First major problem

The ugly side of vintage computing is that they are problem-prone. When you figure PCs are designed to be replaced every two to ten years, it’s no surprise that these 25-40 year old machines start developing issues. Nobody would have imagined that these machines would still be in use all these years later.

The problems range from leaky capacitors that can be replaced for a few yen to burned-out custom chips that range from “too much money” to “you may never find a replacement for it.” The Commodore 64 user base is so big that modern replacements for many custom chips have been produced. Other platforms may or may not be so lucky.

This happened to my Sharp x1 Turbo Z, which is so far my favorite Japanese vintage computer and the one I use most. The fault is mine alone, I should have opened it up to check on the battery and capacitors as soon as I got it. Instead, I plugged it in and it worked, and I just blindly plodded forward. Lesson learned.

One night, I noticed the machine stopped loading high density disks. Well… okay. I rarely use them. I will get around to repairing or replacing the part later and just use the double density disks, where most of my games reside. But it escalated quickly, about one hour later it stopped reading all disks.

So now I have to open it, and when I do, I see there is a small amount of leakage from the battery. The battery resides on the same board as the floppy drive controller, so it makes sense quickly enough. I used my very modest soldering skills to remove the battery. There are some areas that might indicate light damage to the traces near the – symbol in the box where the battery used to be.

First step was getting a spare parts machine. These machines are expensive but fortunately there was one available on Yahoo Auctions in terrible condition. Huge areas full of noticeable scratches on the front and top, and rust on the ports on the back. It was a bit of a gamble, though, because there was no way of knowing if that machine’s floppy drive controller worked or not.

I got it for about 20% of the price of my own Sharp X1 Turbo Z. When it arrived, I checked it out and fortunately all that rust was confined to the outside; the inside was very clean. There was no battery leakage on the controller, either. I just put the board from the spare parts machine into my main one, and it all started working again. Temporary relief! I played a victory game of Tetris before going to bed for the night.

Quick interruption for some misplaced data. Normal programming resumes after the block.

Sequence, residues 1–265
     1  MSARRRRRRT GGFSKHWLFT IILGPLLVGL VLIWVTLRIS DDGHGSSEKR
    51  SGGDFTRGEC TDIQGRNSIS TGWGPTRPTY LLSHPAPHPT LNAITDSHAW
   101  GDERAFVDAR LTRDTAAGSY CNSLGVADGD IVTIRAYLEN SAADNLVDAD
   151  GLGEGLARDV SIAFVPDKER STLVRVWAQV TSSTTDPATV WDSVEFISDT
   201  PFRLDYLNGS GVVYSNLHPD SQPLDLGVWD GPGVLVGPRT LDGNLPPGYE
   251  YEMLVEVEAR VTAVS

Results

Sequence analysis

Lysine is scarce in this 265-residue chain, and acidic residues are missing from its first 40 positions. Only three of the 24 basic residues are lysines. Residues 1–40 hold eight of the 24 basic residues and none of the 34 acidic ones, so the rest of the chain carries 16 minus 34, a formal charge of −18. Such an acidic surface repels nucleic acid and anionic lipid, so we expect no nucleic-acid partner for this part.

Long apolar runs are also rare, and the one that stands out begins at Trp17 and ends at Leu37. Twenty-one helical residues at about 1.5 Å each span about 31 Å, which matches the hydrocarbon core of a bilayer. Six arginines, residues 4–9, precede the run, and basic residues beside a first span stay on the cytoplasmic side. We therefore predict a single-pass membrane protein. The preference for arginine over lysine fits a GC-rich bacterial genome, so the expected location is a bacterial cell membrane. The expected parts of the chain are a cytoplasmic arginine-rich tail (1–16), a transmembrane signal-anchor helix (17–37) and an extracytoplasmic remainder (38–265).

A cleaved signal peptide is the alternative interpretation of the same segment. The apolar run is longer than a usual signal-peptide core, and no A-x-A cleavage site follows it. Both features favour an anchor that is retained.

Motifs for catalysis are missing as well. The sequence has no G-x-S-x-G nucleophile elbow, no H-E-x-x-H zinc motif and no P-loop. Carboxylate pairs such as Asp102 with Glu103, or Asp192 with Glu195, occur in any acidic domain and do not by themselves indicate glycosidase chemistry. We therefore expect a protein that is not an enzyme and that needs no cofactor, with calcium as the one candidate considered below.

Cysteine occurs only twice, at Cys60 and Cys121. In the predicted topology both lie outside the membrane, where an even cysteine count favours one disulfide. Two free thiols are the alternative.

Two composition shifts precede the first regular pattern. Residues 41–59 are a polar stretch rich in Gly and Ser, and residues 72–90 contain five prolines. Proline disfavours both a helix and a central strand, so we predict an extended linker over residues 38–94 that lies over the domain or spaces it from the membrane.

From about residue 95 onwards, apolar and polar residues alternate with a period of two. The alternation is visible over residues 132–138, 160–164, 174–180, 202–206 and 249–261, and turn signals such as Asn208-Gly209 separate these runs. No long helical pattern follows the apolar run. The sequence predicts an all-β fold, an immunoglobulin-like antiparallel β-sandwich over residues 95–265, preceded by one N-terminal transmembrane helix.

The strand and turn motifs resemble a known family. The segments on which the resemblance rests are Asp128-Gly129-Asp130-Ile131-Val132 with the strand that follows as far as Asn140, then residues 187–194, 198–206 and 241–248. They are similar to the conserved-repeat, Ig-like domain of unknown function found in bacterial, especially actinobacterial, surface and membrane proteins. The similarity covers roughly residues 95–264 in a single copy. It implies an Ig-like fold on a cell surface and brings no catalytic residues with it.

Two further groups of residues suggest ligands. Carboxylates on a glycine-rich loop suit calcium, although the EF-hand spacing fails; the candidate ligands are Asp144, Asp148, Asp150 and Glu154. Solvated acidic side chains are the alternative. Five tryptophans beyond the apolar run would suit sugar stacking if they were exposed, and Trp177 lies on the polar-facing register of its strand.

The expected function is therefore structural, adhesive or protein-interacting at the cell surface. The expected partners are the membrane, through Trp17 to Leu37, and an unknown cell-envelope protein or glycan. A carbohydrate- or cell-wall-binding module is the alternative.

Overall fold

Step two was a bit more challenging. I understand some of the principles of basic computer repair, and I had some idea of what needed to be done, but my hands don’t hold steady enough to perform delicate soldering operations.

Fortunately, I have a friend here in Tokyo that is also into vintage computers and is far more skilled in that kind of thing than I am. I explained my situation and he came over and looked at it. He hemmed and hawed, nothing jumped out at him at first, but eventually narrowed it down to a small section that had some corrosion near the battery. He snipped about a half a centimeter of jumper wire and restored the connection on the underside of the PCB (the white strip near the center of the image).

And then it worked! The idea is simple enough but finding the problem, on a system he’d never even seen before, and fixing it so eloquently… that’s straight up magic as far as I’m concerned!

4 thoughts on “First major problem”

    1. I understood what needed to be done, but a) I thought it would need to be done on every trace in that area, which would have been crazy for me, and b) I’m not sure why, but I thought point-to-point soldering was done vertically, so even if I could deal with the minute detail of the work, I would have ended up with some big loopy thing. Which also would work, but that little bridge you came up with was so slick!

  1. That was genius ! I’m not expert on Japanese computers but Amiga 2000s tend to have similar problems but usually a clean up with Isopropyl alcohol fixes it as the area around the battery is quite large. Unfortunately, here it looks much much smaller.

    Next time never just turn on anything especially c64s as the power brick can (as you probably know) completely damage the system. If you watch Jan beta on youtube, you’ll learn what to do AND what not to do (I like him because he makes mistakes like me but is a good repairman).

    1. Any C64 that comes through my hands gets treated right. I have a power saver to test the PSU for safety, and I have an after-market PSU that supports all of my Commodore 8-bit computers (VIC-20, MAX Machine, C128, Japanese C64, and Plus/4 [now that I think about it, it doesn’t support my C16 or C116, because those are completely different]). Both are made by Ray Carlsen.

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